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Common: ‘Black people are not afforded the room to be human’

Exclusive: The Chicago hip-hop legend speaks with Roisin O’Connor about his new album ‘Let Love’, racism, his relationships with women – and how he came to terms with a forgotten childhood trauma

Tuesday 27 August 2019 07:43 BST
Common: 'I'm in a place of forgiveness and moving forward'
Common: 'I'm in a place of forgiveness and moving forward'

Common hasn’t really slept. Last night, in London, the rapper, actor and author was drinking and playing Scrabble, he tells me. Then, lying in bed, he spent the early hours tweeting about the US-Mexico border crisis to his 5 million followers. “I don’t approve of the US casting people out,” he says. “When I see the country I’m from treating people like that, it’s hurtful. That picture of a father and his child…” he trails off, and you can tell he’s thinking of the heartbreaking picture of Oscar Alberto Martinez and his two-year-old daughter, who both drowned in the Rio Grande while trying to enter the US.

We’re in a Soho hotel and, despite the lack of sleep, Common is alert, eloquent and engaging; each question is answered in the same gruff, calm tone with which he raps. It’s difficult to imagine him ever raising his voice. Born Lonnie Corant Jaman Shuka Rashid Lynn, the Chicago MC is one of the foremost examples of the “conscious” rapper – an artist who uses his platform to address pressing issues of the time. It’s a theme that stretches to his work in film – he won a Grammy, an Emmy and an Oscar with John Legend for their song “Glory” from 2014’s Selma, in which Common also stars as civil rights movement leader James Bevel. His acclaimed 2016 album Black America Again reacted to the spike in police brutality against black US citizens, along with a number of other social and political failings by his country.

“I’m not saying things are perfect now,” the 47-year-old says, “but at that time I wanted to express what I was seeing and feeling. Sometimes I take the mic and I’m a voice for many – other times it’s what I’m experiencing on a personal level.”

It’s the latter that forms the base for Common’s new album, Let Love, which moves from “the march and the fight” that energises Black America Again – recalling artists such as Public Enemy and Gil Scott-Heron – to Common at his most honest and vulnerable self. The title is derived from his New York Times bestseller Let Love Have the Last Word, in which he addresses an alleged childhood sexual assault by a family member. In the book, he explains that he didn’t recall the incident until working on The Tale, a 2018 film about a woman investigating childhood rape cases. “One day, while talking through the script with Laura [Dern], old memories surprisingly flashed in my mind,” he writes. “I caught my breath and just kept looping the memories over and over, like rewinding an old VHS tape … I said ‘Laura, I think I was abused.’”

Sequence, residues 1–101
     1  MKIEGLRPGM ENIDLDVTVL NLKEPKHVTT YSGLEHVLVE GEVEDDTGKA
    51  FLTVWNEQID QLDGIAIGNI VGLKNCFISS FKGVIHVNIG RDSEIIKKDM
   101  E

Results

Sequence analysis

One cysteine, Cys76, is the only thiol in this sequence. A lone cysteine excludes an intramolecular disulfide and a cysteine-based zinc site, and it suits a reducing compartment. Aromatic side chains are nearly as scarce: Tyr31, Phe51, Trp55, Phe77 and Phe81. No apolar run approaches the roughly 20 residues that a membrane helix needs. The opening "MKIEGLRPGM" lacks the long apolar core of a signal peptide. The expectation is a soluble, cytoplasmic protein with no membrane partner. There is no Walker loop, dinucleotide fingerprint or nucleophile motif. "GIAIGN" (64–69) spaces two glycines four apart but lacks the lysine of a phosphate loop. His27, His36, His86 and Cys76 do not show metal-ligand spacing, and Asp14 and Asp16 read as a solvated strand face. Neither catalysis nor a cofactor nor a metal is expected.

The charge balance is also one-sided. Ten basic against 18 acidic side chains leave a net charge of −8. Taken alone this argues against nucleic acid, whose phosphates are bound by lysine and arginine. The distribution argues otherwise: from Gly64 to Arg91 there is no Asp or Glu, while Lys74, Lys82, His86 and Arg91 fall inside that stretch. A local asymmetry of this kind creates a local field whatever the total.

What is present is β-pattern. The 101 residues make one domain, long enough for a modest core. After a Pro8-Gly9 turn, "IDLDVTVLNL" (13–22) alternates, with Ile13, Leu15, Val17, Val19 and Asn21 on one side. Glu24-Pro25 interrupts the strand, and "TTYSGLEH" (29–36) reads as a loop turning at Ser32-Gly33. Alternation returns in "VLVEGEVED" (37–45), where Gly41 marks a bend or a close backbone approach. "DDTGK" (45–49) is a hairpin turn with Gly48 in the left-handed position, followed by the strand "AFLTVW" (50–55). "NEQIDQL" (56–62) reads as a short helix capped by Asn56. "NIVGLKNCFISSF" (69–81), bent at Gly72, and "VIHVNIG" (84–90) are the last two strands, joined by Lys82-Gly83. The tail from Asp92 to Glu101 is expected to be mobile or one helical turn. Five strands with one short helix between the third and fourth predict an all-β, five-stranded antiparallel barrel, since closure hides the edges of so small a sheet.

“It was slow,” he says now, recalling the moment that trauma was brought to the surface. “Making that film in 2016… that’s when the memory really came in my mind. My whole life, I never thought about it. And when I did, I spoke about it really quickly with Laura. But I didn’t really start talking it out for a while after that.”

It was while he was writing his autobiography that he began “peeling back layers” of himself, and attended therapy. “It’s been a process”, he admits, “but it’s something that I wanted to talk about because I know how many people experience it. And more than anything, I wanted to live my truth and not hide from that.”

It must have been traumatic, I say, to suddenly experience a memory you didn’t realise you had.

“That’s how I know it had affected me in such a heavy way,” he nods. The slightest frown crosses his face for a moment, before giving way to his typically serene expression. “I didn’t even know it existed. But I’m in a place of forgiveness and moving forward. It affected me and it still does, but I’m going to work through it and be the best human being I can be. If I’m mad the whole time, I can’t work towards that.”

Common: ‘Sometimes I take the mic and I’m a voice for many – other times it’s what I’m experiencing on a personal level’

This forgiving nature extends to other people in his life, such as his Run All Night co-star Liam Neeson, who caused outrage after admitting he wanted to kill “some black bastard” after one of his close friends was raped, in an interview with The Independent earlier this year (for which he later apologised).

“It was a lesson for Liam, I think,” Common says. “He felt that way because of what happened to his friend – we’ve all at some point experienced a bias towards a certain group because one person did something. When he said that, I felt more than anything – because I’ve been around him – that he had learnt you can’t stereotype a whole race. Even though he’s obviously still hurting about the fact something happened to his friend... I think he was caught up in that, and he learnt his lesson from it.”

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There’s a line on the song “Good Morning Love”, on the new album, where Common raps: “I’m a cake, just let me bake, goddamn.” He recites it now, before recalling a gospel song he used to love in church, which preaches patience as people grow. “That’s the philosophy I have for myself and others,” he says.